Thursday, May 17, 2007

Thursday May 17 posts. Batch 1

Archbishop Rowan Williams’ Interview with the Diocese of Singapore’s Diocesan Digest

May 17th, 2007 posted by kendall at 2:21 pm

Q – So how do you see then things developing pre-Lambeth 2008 and post-Lambeth? If you can make a wish, what will that be?

A – I’m hoping and praying that we shall have no more actions that polarize the Communion between now and Lambeth 2008. This is the point I have already brought to the Canadian House of Bishops which we are trying to get across to the American House of Bishops. But also trying to say to some other provinces: Don’t step up the level of intervention in this crisis because all of that is just pulling us further and further apart. So I hope we can have a bit of moratorium on this, and in a way, a reflection on what kind of a church we want to be. Now, some parts of the Communion would be happy if we could be just a federation of loosely connected local bodies. I’m not happy with that. We could be more than that. We should be more than that. We should be living out of each other’s life and resources and vision and be more closely connected. Because I think that is what the New Testament assumes the local church should do and not live in isolation. They lived with each other, from each other’s life. So, that’s my vision.

I see the next Lambeth Conference ideally as the place where Bishops can really be re-equipped for their central task of enabling mission and in every sense educating the people of God and equipping them for their outreach. That’s how I can see it.

Q – This actually gets you to my next question. Do you think therefore a sort of centrally driven or some sort of concerted organized effort through the Primates or Province representatives?

A – I think at the moment we are in a very confused state with the structure of the Anglican Communion. People turn to the Primates because there doesn’t seem to be anything else that works, a forum for people’s interest, that meets regularly, that can assemble at short notice, which can work together. At the same time, I don’t think the Primates’ Meeting ought to be isolated from other bodies. And I have some hope for the integration of the Primates in the Anglican Consultative Council. Perhaps that will give us a better tool. I think we do need in our shared counsel the voices of priests and lay people as well as Primates and bishops. And the challenge is how to find a structure that will help us cohere in that way. We have some good examples. In fact the meeting of the Theological Education group that has been going on in Singapore this weekend brings together bishops, priests, lay people for a common task around the Communion which is not driven I think by a London-based or a New York-based agenda. It’s owned by everybody. It’s quite a good model. I think we need that sense of the whole Communion setting the agenda and getting away from the suspicion, right or wrong, that the agenda’s been fixed from somewhere else.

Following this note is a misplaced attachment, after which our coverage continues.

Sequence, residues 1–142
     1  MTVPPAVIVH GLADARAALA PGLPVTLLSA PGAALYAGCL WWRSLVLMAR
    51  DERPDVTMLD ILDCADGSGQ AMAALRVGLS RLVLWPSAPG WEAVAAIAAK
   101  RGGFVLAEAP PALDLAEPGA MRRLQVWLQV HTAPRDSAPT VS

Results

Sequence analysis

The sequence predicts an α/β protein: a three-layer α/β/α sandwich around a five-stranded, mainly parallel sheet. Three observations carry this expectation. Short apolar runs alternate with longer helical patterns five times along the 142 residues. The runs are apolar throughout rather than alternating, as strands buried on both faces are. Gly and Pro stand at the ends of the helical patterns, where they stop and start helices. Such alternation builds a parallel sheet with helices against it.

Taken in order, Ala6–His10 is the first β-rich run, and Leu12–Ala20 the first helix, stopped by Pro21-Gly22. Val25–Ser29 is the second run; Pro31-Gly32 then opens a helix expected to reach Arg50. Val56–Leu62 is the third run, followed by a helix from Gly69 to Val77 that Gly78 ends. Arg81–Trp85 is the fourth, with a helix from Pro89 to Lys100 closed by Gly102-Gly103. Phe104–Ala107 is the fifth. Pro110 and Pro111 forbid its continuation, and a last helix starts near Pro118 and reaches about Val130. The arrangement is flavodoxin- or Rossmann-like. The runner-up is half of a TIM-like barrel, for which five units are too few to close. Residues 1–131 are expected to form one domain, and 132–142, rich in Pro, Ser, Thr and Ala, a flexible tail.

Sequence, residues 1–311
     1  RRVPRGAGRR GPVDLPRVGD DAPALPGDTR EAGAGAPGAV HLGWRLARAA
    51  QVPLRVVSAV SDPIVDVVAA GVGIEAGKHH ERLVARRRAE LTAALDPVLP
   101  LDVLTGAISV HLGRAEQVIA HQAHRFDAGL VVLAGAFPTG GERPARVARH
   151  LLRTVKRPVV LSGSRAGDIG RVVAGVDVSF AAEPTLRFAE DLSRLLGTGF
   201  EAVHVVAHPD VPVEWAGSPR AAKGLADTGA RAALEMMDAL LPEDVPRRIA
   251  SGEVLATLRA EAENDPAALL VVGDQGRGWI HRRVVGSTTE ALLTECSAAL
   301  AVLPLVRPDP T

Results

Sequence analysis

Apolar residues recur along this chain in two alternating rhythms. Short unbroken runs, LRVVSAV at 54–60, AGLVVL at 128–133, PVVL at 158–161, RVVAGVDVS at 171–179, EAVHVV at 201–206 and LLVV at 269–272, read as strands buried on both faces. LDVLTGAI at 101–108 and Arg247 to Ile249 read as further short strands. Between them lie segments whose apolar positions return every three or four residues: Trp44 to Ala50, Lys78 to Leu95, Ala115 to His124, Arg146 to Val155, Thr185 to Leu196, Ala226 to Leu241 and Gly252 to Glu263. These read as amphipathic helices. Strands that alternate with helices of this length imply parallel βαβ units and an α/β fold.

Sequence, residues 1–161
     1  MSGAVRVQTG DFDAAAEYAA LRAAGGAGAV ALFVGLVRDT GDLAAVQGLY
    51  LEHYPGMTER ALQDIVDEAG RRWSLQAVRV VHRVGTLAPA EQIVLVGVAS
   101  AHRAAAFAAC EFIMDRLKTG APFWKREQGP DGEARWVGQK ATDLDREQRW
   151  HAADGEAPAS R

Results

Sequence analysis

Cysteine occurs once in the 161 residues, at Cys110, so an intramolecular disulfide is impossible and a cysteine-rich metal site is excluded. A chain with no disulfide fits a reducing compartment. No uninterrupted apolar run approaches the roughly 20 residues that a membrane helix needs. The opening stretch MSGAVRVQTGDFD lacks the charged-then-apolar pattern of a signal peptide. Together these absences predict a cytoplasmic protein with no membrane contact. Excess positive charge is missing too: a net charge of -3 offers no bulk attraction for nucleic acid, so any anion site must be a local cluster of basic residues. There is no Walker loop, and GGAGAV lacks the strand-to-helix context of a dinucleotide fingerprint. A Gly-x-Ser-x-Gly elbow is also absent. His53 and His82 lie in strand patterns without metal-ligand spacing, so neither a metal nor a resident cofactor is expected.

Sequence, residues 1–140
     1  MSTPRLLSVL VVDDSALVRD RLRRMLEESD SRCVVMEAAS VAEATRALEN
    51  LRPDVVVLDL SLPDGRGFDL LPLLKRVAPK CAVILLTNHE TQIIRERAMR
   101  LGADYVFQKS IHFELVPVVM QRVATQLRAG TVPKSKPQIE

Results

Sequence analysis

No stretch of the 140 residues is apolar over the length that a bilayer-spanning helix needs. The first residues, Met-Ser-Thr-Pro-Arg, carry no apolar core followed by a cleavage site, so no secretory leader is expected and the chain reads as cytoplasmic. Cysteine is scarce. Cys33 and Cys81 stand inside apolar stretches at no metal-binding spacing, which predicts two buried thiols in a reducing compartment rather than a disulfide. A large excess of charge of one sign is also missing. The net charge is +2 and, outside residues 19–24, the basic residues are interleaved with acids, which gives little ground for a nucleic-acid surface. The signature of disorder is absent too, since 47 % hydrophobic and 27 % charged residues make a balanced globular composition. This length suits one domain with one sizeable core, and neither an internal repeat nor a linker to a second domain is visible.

Read it all.

Richard Walton: It’s time for the big-time consumers to pay up

May 17th, 2007 posted by kendall at 1:06 pm

When I walked out of my house one morning this week to retrieve the Democrat, I was greeted by the foul taste of smoke, and it made me sick. Not literally sick, of course, but figuratively. I am sick to death of the recklessness, inconsiderateness and blatant laziness I am forced to endure on a daily basis. What’s worse, however, is that my 7-year-old daughter is actually sick. Home from school with a high fever due to allergy-related causes.

As most Tallahasseeans already know, the smoke is from the wildfires that are burning in southern Georgia and northern Florida, some 100 miles away. These are not the first such fires in recent Florida history, and they surely won’t be the last. But what many may not know - although they could if the cared to - is that throughout the world deserts are expanding, drought seasons are extending and fresh water supplies are evaporating, all of which create conditions rife for more wildfires. Therefore, it is now time - past time, truthfully - to start pointing fingers at the cause of this devastation.